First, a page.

13. 42 CFR 84.1155 - Filters used with canisters and cartridges; location; replacement.

    Code of Federal Regulations, 2010 CFR

    2010-10-01

    ... 42 Public Health 1 2010-10-01 2010-10-01 false Filters used with canisters and cartridges... Efficiency Respirators and Combination Gas Masks § 84.1155 Filters used with canisters and cartridges; location; replacement. (a) Particulate matter filters used in conjunction with a canister or...

  14. 42 CFR 84.1155 - Filters used with canisters and cartridges; location; replacement.

    Code of Federal Regulations, 2013 CFR

    2013-10-01

    ... 42 Public Health 1 2013-10-01 2013-10-01 false Filters used with canisters and cartridges... Efficiency Respirators and Combination Gas Masks § 84.1155 Filters used with canisters and cartridges; location; replacement. (a) Particulate matter filters used in conjunction with a canister or...

  15. 42 CFR 84.1155 - Filters used with canisters and cartridges; location; replacement.

    Code of Federal Regulations, 2014 CFR

    2014-10-01

    ... 42 Public Health 1 2014-10-01 2014-10-01 false Filters used with canisters and cartridges... Efficiency Respirators and Combination Gas Masks § 84.1155 Filters used with canisters and cartridges; location; replacement. (a) Particulate matter filters used in conjunction with a canister or...

  16. Cartridge firing device designed for attachment, release and ejection of a satellite

    NASA Technical Reports Server (NTRS)

    Pierron, L.

    1977-01-01

    Design considerations of a cartridge firing device are described. Emphasis is placed on performances regarding satellite attachment and accuracies of the path and velocity during separation and ejection. Tests conducted to demonstrate the device efficiency are discussed. Test set-up for velocity measurement, parameters affecting the ejection velocity, and gas pressure of cartridge fired generators are among the factors covered.

  17. 42 CFR 84.113 - Canisters and cartridges; color and markings; requirements.

    Code of Federal Regulations, 2011 CFR

    2011-10-01

    ... the Director of the Federal Register in accordance with 5 U.S.C. 552(a) and 1 CFR part 51. Copies may... 42 Public Health 1 2011-10-01 2011-10-01 false Canisters and cartridges; color and markings... DEVICES Gas Masks § 84.113 Canisters and cartridges; color and markings; requirements. The color...

  18. Modelling Cu(II) adsorption to ferrihydrite and ferrihydrite-bacteria composites: Deviation from additive adsorption in the composite sorption system

    NASA Astrophysics Data System (ADS)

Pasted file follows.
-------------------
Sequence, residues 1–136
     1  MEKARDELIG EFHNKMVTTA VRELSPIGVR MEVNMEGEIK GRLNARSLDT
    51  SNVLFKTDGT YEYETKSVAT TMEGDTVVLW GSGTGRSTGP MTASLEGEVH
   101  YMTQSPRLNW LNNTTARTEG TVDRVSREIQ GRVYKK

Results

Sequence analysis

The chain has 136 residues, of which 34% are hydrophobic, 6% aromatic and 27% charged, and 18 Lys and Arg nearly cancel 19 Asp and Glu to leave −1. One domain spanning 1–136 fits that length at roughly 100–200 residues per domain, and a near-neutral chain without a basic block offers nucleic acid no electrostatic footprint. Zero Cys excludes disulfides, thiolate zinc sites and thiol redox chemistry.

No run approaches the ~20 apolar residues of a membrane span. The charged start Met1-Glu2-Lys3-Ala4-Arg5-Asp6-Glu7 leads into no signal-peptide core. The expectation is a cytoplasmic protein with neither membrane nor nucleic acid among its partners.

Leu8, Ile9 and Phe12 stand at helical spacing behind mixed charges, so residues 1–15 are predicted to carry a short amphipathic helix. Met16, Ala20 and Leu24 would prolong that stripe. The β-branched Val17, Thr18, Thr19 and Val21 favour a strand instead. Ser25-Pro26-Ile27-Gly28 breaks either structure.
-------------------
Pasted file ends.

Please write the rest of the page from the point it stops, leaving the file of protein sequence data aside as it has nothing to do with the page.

Moon, Ellen M.; Peacock, Caroline L.

    2013-03-01

    Bacterially associated iron (hydr)oxides are widespread in natural environments and are potent scavengers of dissolved metal ions. However, it is unclear whether metal sorption on these composites adheres to the additivity principle, and thus whether metal concentrations in environments where these composites comprise a significant proportion of the reactive iron phases can be modelled assuming component additivity. Here we address this issue for Cu adsorption on ferrihydrite-Bacillus subtilis composites. We precipitated pure ferrihydrite and ferrihydrite composites with different ferrihydrite:bacteria mass ratios, and measured Cu adsorption as a function of pH, Cu adsorbed concentration and composite mass ratio. We develop a molecular-level surface complexation model for Cu adsorption on pure ferrihydrite. We then combine our end-member models for Cu adsorption on B. subtilis (Moon and Peacock, 2011) and ferrihydrite to model the observed Cu adsorption on the composites, adopting a component linear additivity approach. By comparing observed Cu adsorption to that predicted by our composite model, constrained to the exact best fitting end-member stability constants, we find that Cu adsorption behaviour on ferrihydrite-B. subtilis composites deviates from additivity. Specifically, Cu adsorption on composites composed mainly of ferrihydrite is enhanced across the adsorption pH edge (pH ˜3-6), while on our composite composed mainly of bacteria adsorption is enhanced at mid-high pH (pH ˜5-6) but diminished at mid-low pH (pH ˜5-3), compared to additivity. In current surface complexation modelling constructs, Cu adsorption on composites composed mainly of ferrihydrite can be modelled in a component additivity approach, by optimising the stability constants for Cu adsorption on the ferrihydrite and bacteria fractions to values that are within the uncertainty on the end-member stability constant values. The deviation from additivity of these composites, apparent when

  19. A filtration and column-adsorption system for onsite concentration and fractionation of organic substances from large volumes of water

    USGS Publications Warehouse

    Leenheer, J.A.; Noyes, T.I.

    1984-01-01

    A portable filtration and column-adsorption system which can concentrate suspended sediment and dissolved-aqueous organic substances onsite was developed. Organic solutes also are fractionated into hydrophobic- and hydrophilic-acid, base, and neutral fractions. Subsequent isolation of organic solutes from fraction concentrates and extraction of organic constituents in suspended sediment entrained on filter tubes is performed by a variety of procedures in the laboratory. Three surface-water samples and one ground-water sample ranging in volume from 300 to 1,100 liters were processed through the filtration and column-adsorption system, yielding from about 0.8 to 3.0 grams of recovered organic carbon per sample.

  20. A cost-effective system for in-situ geological arsenic adsorption from groundwater.

    PubMed

    Shan, Huimei; Ma, Teng; Wang, Yanxin; Zhao, Jie; Han, Hongyin; Deng, Yamin; He, Xin; Dong, Yihui

    2013-11-01